24 March 2017
Former CBI Chief John Cridland has recommended that the government increase the state pension age (SPA) to 68 between 2037 and 2039, attracting criticism from the National Pensioners’ Convention (NPC).
The report, which was published yesterday, pushes the existing timescale for increases in the retirement age forward by seven years.
If the government went ahead with Cridland’s proposals, the higher pension age would affect workers currently aged 45 or younger, and the NPC warned this could hit the lowest paid workers the hardest.
“Raising the SPA inevitably has the greatest impact on those with shorter life expectancies, often in lower paid jobs, doing manual or stressful work, in poorer health and in the more deprived areas of the country,” the organisation said.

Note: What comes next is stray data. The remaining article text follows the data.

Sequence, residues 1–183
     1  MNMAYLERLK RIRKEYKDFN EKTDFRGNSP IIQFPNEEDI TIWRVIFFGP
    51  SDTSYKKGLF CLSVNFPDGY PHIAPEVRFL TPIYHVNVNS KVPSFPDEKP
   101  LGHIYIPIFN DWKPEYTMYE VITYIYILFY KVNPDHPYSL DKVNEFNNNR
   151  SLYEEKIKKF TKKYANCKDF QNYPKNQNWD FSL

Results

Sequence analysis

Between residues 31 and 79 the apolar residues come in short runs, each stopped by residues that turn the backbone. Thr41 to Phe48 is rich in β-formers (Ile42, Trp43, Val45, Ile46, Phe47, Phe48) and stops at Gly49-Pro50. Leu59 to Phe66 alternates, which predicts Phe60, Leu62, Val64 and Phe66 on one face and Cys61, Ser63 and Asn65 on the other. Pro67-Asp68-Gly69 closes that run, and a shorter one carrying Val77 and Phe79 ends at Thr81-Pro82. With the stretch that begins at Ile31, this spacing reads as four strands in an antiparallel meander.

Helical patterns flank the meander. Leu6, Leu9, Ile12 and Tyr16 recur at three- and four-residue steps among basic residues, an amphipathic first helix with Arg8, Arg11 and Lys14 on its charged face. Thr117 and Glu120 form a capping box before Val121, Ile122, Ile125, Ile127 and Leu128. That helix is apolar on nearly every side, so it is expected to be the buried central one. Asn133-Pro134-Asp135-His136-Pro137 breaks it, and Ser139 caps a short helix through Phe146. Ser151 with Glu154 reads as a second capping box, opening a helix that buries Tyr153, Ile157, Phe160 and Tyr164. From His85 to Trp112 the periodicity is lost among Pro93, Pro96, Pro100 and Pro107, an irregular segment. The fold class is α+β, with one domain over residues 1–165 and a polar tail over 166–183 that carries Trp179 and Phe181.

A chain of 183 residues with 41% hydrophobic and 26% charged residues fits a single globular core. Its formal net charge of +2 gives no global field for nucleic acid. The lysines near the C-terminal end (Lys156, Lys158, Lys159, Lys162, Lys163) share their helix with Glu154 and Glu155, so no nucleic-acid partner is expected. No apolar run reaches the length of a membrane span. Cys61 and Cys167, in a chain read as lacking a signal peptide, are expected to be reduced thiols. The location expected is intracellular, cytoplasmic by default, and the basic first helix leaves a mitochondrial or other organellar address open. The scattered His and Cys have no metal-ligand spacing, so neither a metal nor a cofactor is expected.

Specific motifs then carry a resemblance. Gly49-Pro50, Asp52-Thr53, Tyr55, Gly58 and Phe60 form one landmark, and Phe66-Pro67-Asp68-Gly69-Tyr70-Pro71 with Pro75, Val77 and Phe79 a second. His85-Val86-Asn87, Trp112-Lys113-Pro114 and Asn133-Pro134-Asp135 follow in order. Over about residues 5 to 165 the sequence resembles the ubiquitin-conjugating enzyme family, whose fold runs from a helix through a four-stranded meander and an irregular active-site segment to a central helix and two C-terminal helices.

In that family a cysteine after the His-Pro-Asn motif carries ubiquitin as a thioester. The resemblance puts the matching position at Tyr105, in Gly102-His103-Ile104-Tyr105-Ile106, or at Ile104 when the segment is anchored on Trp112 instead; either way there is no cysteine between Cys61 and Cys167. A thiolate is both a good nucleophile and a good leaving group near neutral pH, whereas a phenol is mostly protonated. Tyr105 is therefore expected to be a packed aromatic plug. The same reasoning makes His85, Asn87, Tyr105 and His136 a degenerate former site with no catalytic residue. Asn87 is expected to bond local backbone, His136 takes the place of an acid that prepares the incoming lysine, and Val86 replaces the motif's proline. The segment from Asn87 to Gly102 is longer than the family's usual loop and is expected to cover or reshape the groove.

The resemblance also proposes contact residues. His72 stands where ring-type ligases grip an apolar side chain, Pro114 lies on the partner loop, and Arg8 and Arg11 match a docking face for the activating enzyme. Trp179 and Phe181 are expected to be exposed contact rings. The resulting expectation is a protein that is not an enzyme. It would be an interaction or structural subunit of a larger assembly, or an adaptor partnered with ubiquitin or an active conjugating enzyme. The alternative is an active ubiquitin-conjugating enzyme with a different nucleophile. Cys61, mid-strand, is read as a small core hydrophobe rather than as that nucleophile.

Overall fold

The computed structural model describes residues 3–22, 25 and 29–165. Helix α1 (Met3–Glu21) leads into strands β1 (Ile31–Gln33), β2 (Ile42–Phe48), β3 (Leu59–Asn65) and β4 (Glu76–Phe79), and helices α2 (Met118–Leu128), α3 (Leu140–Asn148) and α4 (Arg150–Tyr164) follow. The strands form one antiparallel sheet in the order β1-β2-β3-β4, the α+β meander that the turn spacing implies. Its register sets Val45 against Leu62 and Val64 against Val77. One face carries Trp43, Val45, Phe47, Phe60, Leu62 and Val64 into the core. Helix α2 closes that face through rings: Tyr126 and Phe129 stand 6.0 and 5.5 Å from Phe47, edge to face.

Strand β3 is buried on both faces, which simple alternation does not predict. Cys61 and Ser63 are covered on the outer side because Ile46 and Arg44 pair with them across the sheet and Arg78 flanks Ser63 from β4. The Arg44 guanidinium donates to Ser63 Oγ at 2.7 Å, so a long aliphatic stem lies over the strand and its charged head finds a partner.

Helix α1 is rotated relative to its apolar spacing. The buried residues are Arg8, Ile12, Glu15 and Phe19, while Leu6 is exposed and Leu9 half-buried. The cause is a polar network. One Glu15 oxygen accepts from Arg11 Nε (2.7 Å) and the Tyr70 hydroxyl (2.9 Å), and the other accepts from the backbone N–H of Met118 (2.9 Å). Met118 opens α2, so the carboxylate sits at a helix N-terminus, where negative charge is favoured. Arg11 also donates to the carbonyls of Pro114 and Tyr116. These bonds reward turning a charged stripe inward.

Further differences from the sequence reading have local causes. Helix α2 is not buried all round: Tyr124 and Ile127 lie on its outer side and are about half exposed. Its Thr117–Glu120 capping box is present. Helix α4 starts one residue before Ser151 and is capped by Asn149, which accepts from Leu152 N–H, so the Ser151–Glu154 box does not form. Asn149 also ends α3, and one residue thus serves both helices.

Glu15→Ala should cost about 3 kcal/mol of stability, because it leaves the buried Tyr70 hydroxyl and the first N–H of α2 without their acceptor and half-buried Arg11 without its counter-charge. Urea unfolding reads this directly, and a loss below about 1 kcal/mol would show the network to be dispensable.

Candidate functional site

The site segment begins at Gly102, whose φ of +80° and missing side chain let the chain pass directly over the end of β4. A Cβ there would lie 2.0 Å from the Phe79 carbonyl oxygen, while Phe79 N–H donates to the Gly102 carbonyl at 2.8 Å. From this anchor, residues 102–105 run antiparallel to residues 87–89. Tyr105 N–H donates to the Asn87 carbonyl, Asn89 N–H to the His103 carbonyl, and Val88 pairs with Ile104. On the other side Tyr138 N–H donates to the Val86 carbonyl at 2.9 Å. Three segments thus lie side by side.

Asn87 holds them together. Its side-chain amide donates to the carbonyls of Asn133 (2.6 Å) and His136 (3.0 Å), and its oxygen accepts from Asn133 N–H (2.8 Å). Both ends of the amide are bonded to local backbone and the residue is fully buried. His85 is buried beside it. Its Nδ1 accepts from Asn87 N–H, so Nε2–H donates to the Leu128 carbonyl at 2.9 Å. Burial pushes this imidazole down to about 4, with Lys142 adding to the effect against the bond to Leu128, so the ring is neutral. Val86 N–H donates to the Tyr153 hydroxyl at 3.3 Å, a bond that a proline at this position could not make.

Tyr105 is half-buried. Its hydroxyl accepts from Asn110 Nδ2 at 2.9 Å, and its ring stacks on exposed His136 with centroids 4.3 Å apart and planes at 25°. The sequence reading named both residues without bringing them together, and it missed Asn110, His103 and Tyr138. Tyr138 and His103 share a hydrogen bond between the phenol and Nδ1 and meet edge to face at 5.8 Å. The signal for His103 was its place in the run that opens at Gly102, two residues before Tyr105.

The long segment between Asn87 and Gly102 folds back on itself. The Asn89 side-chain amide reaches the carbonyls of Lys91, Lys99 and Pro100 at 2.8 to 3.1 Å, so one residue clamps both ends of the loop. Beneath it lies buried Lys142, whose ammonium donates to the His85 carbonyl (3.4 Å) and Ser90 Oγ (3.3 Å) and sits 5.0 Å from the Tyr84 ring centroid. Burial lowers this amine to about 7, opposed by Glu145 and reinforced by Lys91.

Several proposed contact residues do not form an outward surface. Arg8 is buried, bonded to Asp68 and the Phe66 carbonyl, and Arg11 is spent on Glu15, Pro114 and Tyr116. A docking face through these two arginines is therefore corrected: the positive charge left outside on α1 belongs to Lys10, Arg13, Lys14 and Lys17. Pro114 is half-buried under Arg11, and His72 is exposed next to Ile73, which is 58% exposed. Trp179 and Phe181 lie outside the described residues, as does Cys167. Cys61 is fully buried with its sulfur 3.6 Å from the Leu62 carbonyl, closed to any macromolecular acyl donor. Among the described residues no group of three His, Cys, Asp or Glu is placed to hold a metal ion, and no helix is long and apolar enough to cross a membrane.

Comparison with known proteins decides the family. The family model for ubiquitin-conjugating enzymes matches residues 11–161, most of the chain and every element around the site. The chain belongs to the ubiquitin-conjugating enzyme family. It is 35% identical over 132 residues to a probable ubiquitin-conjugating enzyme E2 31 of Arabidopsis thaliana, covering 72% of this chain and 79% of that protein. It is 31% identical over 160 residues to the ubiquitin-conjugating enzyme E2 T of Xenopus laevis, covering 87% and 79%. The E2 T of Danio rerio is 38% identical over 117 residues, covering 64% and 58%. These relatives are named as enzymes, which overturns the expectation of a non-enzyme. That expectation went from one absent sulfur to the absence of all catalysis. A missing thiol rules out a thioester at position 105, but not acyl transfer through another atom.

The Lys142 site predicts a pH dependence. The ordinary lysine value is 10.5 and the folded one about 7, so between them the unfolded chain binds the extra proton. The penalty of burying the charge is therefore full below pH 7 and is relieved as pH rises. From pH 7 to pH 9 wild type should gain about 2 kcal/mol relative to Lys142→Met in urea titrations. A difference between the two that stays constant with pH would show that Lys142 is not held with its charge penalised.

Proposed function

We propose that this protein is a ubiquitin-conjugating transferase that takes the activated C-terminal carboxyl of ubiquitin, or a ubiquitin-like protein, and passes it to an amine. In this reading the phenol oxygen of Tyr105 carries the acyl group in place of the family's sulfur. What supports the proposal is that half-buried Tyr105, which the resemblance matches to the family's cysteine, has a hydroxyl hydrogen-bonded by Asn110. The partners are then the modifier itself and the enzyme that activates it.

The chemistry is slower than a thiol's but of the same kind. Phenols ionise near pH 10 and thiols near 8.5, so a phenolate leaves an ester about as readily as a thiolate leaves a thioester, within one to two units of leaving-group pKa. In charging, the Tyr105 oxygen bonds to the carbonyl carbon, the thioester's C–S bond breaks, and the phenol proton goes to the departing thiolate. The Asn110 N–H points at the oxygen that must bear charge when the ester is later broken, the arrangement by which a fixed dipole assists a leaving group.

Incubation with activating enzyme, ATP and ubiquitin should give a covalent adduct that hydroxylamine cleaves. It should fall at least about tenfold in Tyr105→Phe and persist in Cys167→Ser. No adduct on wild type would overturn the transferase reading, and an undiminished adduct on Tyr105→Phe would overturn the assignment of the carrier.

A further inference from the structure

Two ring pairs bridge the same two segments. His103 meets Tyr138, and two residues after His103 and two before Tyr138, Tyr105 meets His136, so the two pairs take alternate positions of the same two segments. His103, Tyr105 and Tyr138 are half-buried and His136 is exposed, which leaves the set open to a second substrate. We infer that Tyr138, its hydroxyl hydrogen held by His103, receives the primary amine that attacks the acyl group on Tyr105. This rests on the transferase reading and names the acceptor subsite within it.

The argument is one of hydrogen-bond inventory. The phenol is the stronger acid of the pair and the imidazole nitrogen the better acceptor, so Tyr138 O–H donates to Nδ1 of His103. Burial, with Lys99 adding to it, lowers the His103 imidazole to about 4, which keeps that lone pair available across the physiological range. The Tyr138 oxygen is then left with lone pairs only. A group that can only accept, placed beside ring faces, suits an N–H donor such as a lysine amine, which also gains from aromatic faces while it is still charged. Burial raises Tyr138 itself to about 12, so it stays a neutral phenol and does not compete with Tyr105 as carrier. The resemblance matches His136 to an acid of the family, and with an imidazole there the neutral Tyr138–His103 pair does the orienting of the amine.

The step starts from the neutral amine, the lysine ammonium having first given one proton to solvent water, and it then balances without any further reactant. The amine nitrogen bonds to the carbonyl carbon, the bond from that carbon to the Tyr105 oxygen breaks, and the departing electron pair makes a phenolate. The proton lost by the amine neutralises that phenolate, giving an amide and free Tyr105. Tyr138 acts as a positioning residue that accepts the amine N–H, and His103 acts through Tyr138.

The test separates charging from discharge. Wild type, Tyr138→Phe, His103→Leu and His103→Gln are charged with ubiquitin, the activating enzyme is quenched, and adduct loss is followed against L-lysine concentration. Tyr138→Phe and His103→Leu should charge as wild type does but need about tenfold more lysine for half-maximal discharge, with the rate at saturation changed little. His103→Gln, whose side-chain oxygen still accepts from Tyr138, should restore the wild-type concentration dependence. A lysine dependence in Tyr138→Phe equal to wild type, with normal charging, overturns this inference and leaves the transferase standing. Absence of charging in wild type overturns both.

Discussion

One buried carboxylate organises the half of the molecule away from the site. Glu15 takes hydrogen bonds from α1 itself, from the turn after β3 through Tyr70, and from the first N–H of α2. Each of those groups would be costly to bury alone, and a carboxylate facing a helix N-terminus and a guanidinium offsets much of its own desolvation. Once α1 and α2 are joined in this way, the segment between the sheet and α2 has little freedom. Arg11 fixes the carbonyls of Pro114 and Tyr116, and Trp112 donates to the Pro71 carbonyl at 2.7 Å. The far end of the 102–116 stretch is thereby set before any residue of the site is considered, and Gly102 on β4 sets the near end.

“Not everyone will be able to continue working up to SPA through ill health and some will find themselves out of work before they reach SPA and unable to get another job in the meantime,” they added.
“A fairer alternative would be to base retirement policy around the number of years of healthy life expectancy. Despite lots of evidence in the report to support this, it does not appear in the recommendations,” the NPC pointed out.